Starting next year, most merchants in Germany have to provide a receipt for their customers after a purchase. If you have travelled or lived in other countries, this might be very normal to you. I know quite well the signs in cafes and restaurants in India that say “If you don’t receive a receipt, consider your meal free”.
Providing a receipt is not a legal requirement in India, but it was implemented by merchants themselves in order to avoid stealing from employees, but in Germany, it is a legal requirement. The legislator wants to prevent tax fraud and is hoping that more merchants will record accurate sales numbers, and thus, tax payments will increase.
The law actually goes back to the end of 2016, however, the final details were adopted just in June 2019. Therefore, merchants have to comply with the new law at the latest in September 2020. The law applies to all merchants who are operating an electronic point-of-sale (ePOS) system, which means that for example a kiosk just using a cash drawer will not be affected (but the merchant needs to apply for this exception). The receipt has to contain details such as the name and address of the merchant, a timestamp, purchased items, a transaction number, applicable tax rate and the serial number of the electronic cashier.
The public debate
As you might expect, there is currently a lot of discussion about the law and its impact. As I was researching last week around the topic of “green FinTech services”, I have read quite a few articles on this topic. In summary, I can say that against the only pro argument of forcing merchants to record correct sales numbers to increase tax payments, there are quite a few contra arguments:
- ePOS systems already record each transaction even when no receipt is issued
- Waste & pollution (Paper waste and chemicals on receipt)
- Longer time for each purchase for printing receipt and changing papers
While the first argument makes it sound that the law is not required, I believe that the receipt is an important step as it is the first that the customer gets involved. An ePOS system might not allow changing the data afterwards, however, this is only helpful if the cashier has operated the ePOS accordingly. If he or she has not operated the ePOS, the transactions will not get recorded. And the receipt is an appropriate way to include the consumer into this process to enable him or her to check if the transaction was recorded. Surely, not every customer will know about this immediately, nevertheless, once this becomes the new standard, I am sure that it will quickly put pressure on those merchants that are trying not to comply with the law. And who knows, maybe the German government is getting as creative as the Latvian government: Customer in Latvia could upload their receipt during a specific time frame to a governmental homepage and had the chance of winning different prizes including cash. The purpose? Check if the merchants have issued proper receipts and the result was that about 20% of the submitted receipts were not in line with tax laws (story).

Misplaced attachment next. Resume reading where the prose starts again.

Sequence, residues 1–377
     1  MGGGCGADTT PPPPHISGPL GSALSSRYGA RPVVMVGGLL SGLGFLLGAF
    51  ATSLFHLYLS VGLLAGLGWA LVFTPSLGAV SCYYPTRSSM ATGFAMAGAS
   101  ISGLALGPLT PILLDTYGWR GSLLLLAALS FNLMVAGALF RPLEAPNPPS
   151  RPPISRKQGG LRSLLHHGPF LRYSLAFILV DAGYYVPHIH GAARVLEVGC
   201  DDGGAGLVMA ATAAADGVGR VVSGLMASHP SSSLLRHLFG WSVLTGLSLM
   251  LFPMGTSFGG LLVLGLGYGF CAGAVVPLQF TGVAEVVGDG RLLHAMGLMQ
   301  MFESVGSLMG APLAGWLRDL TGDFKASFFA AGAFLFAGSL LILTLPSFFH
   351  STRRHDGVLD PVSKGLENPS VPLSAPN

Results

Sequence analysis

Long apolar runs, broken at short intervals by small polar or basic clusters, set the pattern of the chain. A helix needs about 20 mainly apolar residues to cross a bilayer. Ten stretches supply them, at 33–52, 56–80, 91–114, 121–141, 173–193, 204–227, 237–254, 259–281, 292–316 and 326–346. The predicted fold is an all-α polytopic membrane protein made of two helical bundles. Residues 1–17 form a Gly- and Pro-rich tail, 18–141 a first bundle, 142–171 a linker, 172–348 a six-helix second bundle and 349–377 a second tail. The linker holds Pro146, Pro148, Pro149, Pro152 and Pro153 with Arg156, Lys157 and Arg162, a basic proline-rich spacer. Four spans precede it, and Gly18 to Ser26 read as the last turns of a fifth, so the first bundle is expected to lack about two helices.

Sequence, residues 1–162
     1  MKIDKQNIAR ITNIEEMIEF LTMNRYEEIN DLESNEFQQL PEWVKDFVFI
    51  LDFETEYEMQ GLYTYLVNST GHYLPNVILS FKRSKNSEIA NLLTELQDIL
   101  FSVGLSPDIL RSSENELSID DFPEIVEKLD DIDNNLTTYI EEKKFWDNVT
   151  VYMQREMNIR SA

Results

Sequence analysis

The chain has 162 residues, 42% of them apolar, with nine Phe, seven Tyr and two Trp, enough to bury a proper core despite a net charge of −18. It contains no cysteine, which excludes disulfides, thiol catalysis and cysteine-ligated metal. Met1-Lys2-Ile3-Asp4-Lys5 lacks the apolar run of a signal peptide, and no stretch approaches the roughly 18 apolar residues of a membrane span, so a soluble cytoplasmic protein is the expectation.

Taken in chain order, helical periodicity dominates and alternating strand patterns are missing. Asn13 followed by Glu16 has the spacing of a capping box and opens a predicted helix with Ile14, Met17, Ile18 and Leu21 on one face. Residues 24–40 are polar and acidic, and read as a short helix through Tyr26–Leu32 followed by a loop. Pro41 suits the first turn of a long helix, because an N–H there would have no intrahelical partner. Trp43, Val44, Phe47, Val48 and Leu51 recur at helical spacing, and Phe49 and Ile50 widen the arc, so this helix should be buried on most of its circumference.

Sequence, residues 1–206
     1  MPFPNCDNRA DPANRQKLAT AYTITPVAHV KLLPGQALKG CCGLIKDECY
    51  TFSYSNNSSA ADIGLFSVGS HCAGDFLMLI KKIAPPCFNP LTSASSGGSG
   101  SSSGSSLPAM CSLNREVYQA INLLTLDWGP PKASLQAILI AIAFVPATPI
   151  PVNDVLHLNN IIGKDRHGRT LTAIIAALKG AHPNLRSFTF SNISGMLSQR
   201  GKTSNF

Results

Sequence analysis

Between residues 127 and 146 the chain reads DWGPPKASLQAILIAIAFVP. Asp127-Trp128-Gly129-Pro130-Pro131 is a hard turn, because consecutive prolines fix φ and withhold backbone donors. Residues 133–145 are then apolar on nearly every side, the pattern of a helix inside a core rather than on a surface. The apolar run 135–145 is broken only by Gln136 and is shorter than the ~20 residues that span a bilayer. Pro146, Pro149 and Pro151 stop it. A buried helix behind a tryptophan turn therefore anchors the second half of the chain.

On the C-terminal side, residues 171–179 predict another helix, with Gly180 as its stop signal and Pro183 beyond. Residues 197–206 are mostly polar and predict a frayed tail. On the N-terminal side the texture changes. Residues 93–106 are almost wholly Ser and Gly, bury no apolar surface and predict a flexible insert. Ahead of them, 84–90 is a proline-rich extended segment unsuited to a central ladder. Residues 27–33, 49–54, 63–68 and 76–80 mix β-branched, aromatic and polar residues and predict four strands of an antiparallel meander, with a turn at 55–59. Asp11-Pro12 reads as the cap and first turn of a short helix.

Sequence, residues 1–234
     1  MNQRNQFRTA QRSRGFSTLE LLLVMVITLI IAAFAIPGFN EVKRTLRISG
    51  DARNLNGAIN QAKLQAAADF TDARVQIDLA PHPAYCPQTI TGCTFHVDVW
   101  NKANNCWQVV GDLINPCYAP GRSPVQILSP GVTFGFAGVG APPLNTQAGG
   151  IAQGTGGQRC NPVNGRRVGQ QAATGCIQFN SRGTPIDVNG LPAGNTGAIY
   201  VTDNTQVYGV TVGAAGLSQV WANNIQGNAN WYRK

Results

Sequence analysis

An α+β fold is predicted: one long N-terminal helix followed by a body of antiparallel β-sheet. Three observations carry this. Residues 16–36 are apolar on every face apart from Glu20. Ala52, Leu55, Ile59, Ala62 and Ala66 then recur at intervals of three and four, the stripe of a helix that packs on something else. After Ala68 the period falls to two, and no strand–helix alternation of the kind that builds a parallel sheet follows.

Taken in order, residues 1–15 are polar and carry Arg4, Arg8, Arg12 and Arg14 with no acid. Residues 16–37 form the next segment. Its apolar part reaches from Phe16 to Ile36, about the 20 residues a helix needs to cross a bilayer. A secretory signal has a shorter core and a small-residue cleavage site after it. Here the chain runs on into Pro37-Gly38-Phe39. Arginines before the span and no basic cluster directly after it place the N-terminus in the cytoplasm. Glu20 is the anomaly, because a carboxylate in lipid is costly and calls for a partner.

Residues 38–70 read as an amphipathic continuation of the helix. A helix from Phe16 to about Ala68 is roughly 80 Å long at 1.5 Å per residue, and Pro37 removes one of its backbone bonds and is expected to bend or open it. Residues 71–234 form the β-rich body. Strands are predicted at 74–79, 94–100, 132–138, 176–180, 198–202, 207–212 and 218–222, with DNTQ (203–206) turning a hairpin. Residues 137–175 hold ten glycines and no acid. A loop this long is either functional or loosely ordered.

As you might have guessed from my writing, I am in favour of this law. Some of my friends have owned a restaurant or café in the past and they have been telling me that even though you want to be honest, you know very well that many of your competitors are not. Especially, when you are opening a new business, this must be a constant thought in your head and just not recording “a few transactions per day” might make a big difference for you. Of course, the legislator is mostly looking at increasing tax payments through a more accurate record of sales figures, however, I hope it will also cause fairer competition.
But of course, there is still the question if all these efforts are worth it. Are all the paper waste and pollution worth the increase in tax payments and competitive effects? I am an optimist and believe the law might be the perfect catalyst for new digital receipt services. The law actually does not require a paper receipt and a digital receipt is completely fine. Currently, digital receipts are not common in Germany even though a few providers have tried already to offer such solutions. When merchants are currently speaking out against the new receipt law, they mostly use the environmental argument in their favour. If this is actually their main concern, then working together with a digital receipt provider should be inevitable.
Digital receipt services
If you do a quick google search you will find many solutions around the globe that target the need for a digital receipt. In Germany, I know the team behind Leaf personally, and additionally, I have heard of Admin and Wunderbon. In other countries, you have probably heard about Flux (UK) or ReceiptHero (Finland). Unlike the German providers, Flux and ReceiptHero are going for an approach to be integrated into the banking app. This probably makes sense for countries with a high percentage of cashless payments, however, this strategy might not work so well in Germany. Therefore, integration into ePOS and merchant processes becomes a lot more important and will be a deciding factor for the winning solution. The best product might not be as important as the right integration strategy.
Personally, I am pretty excited about the opportunity of a digital receipt. But not just to avoid paper waste, which alone is already very promising. But I believe that the digital receipt offers a big business opportunity: offline merchants might be able to benefit from more digital engagement opportunities. The typical offline shopper is mostly unknown to the merchant and only can be reached through loyalty programs. The digital receipt might be a better way to achieve this.